It’s 10:15 and the office ladies are sharing recipes for Sunday roast beef: the best way to oven-cook, to barbecue, to stew the carved remains Monday night. They speak of optimal cuts, broad flat brushes, rotisserie rods and the best utensils for boring holes the perfect depth and diameter to accommodate peeled garlic. The foundation, I learn, for a nice moist rump is to slather the raw beef in pungent condiment, sear it, then lower the temperature and have patience. No opening the grill hatch to monitor charring, no peeling back the foil to peer into the roasting pan. Park yourself on the deck or in the TV room, have a few wine coolers, and let the mustard work its private magic.
There are basics, but each lady favours a minor deviation from the universal guidelines, individualising her technique and thereby the meal that is brought to table. Each takes pride in casting her voice loudly above the others, pronouncing the superiority of basting over a single liberal mustard application (it’s a roast, after all, not a poultice!), poo-pooing the addition of root veg to the pan, or advising that in her opinion, Carla’s cooking duration is far too short for these days of Mad Cow and listeria. Apparently one needn’t splurge on ridiculous fancy mustard; an ordinary yellow-plastic squeeze-bottle variety, the same as for burgers and dogs, is more economical. And geez, do you know what they charge at those gourmet markets for stuff with grains and chunks? Outrageous! Practically criminal!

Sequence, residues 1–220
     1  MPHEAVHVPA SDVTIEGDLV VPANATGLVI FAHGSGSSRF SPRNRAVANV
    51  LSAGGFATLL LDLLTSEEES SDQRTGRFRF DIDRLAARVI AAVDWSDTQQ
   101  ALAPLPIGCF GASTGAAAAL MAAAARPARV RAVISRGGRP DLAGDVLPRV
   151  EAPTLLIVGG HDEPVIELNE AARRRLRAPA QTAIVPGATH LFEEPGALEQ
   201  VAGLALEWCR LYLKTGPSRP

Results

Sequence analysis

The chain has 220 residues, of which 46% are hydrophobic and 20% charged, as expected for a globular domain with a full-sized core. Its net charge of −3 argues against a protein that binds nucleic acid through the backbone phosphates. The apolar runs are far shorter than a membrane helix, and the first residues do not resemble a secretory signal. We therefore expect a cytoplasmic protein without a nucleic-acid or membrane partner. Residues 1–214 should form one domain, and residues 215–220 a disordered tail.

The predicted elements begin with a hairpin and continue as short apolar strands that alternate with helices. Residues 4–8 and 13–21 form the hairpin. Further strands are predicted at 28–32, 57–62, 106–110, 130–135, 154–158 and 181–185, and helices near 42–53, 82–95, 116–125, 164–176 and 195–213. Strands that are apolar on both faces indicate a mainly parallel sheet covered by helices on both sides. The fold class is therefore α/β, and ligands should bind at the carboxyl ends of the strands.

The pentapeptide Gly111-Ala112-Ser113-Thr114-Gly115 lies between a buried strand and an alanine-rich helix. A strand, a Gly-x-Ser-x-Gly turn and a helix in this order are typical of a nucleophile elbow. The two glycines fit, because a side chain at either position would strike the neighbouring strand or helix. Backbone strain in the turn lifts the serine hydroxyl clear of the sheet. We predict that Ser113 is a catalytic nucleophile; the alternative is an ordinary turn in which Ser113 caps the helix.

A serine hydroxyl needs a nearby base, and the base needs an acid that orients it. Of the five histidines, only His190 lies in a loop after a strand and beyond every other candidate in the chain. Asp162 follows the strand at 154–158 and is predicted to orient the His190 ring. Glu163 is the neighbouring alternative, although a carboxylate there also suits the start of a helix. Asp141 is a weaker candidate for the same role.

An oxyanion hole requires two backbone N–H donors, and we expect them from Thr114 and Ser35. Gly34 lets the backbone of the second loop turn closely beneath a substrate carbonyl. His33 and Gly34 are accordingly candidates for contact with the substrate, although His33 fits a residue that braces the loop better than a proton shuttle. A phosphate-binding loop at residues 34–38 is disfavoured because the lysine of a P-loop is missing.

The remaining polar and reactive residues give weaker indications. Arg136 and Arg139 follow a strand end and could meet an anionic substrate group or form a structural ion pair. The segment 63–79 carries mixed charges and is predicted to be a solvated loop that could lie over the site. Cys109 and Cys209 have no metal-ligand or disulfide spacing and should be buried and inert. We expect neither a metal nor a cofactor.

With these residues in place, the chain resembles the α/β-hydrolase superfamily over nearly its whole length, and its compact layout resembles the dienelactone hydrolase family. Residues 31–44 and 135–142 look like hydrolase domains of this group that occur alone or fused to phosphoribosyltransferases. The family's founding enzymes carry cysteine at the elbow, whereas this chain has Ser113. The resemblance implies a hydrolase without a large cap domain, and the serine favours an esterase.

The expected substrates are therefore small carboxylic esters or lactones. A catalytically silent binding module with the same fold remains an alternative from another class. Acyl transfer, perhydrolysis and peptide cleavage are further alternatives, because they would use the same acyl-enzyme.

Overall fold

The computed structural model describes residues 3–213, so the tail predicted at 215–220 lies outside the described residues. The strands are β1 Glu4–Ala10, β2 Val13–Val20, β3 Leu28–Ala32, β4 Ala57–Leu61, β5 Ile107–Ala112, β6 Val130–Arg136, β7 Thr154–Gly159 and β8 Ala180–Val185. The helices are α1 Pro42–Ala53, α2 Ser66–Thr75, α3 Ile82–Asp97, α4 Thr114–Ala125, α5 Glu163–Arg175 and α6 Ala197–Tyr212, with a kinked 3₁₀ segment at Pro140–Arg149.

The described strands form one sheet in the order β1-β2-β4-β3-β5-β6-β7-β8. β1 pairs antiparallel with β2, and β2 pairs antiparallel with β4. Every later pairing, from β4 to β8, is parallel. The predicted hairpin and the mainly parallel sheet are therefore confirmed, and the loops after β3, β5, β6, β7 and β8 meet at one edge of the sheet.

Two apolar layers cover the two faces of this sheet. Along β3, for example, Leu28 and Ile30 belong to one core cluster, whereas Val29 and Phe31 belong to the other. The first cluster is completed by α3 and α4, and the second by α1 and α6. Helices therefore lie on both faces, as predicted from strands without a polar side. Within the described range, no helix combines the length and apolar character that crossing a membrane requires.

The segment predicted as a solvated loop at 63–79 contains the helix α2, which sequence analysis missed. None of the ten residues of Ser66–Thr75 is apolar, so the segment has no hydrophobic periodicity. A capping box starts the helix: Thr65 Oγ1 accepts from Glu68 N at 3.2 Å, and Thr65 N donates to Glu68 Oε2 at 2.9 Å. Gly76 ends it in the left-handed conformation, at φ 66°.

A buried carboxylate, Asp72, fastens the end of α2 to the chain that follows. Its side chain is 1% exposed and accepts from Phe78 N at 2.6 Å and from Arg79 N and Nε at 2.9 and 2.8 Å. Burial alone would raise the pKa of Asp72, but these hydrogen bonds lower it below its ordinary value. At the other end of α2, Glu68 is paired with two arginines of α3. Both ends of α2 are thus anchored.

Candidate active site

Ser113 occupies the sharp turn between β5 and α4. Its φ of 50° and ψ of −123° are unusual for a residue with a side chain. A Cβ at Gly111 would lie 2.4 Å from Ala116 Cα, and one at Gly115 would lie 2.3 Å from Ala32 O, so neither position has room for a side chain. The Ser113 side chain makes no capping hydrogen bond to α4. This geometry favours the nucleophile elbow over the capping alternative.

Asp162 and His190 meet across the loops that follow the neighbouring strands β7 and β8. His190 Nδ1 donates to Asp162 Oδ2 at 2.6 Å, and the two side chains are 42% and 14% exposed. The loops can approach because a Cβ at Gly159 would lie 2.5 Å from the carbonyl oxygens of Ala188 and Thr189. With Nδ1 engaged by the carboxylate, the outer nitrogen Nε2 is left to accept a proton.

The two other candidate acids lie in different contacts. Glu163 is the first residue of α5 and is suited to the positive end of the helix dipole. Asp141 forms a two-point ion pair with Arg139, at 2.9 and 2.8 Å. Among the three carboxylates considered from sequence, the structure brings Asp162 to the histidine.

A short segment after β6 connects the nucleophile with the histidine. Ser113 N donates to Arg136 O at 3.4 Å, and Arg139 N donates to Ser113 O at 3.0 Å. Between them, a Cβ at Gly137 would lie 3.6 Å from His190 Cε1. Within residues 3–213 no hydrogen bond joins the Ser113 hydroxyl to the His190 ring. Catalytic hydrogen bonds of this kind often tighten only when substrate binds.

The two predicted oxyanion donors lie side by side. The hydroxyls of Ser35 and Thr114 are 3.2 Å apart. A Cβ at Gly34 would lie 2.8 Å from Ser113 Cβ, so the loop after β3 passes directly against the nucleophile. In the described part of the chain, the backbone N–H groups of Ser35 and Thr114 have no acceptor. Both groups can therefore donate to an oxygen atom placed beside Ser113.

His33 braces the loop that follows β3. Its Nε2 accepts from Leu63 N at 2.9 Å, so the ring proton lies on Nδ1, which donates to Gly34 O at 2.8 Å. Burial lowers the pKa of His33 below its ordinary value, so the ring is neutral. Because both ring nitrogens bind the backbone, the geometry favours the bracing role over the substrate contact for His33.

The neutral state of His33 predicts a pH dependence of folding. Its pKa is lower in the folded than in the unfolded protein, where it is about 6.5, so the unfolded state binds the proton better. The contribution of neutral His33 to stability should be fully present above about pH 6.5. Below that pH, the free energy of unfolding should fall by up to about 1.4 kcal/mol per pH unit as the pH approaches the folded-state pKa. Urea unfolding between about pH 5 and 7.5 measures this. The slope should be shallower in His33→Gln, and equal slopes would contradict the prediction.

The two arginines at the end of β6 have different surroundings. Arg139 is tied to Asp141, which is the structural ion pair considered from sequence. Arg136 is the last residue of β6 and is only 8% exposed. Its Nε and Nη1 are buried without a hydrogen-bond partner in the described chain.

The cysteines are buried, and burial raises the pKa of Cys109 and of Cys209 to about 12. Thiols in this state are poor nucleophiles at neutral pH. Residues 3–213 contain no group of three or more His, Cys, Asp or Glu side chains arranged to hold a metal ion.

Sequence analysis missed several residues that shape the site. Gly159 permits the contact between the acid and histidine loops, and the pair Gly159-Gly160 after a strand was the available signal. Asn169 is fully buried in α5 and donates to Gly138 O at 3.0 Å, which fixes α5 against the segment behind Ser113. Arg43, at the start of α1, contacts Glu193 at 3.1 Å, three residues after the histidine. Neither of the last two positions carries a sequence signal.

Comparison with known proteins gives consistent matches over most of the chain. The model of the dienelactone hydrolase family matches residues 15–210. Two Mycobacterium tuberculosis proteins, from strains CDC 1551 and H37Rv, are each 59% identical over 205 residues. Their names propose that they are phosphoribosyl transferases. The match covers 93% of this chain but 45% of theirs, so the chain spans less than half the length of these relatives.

I feel left out as this culinary moment is shared by the sporty mom from accounting, her butch yet fancy supervisor, the twenty-two year old clerk who has never traveled outside her hometown, the wizened temp who seems up for anything yet excited about nothing, and the Filipino office manager who agonises over minute daily operations. Until now, I’ve prided myself on having nothing to contribute to their nattering daily salon; I’ve set myself apart from these women with whom I pass more time each week than I spend with my boyfriend. But, clearly I’ve underestimated the cross-cultural significance of a well-done pot roast. The only one with nothing to say is me.
Eavesdropping on their finishing touches (plating and carving), I think of television commercials depicting holiday meals, the montage of suburban scenes and swelling soundtrack, the family all smiles as someone presents a platter of grilled meat, basted turkey, or heaped pasta to her eager kin. And now, I know how to cook the dish that’s about to be dined upon a few moments after a brand flashes on-screen and a giddy child is swing high into the air.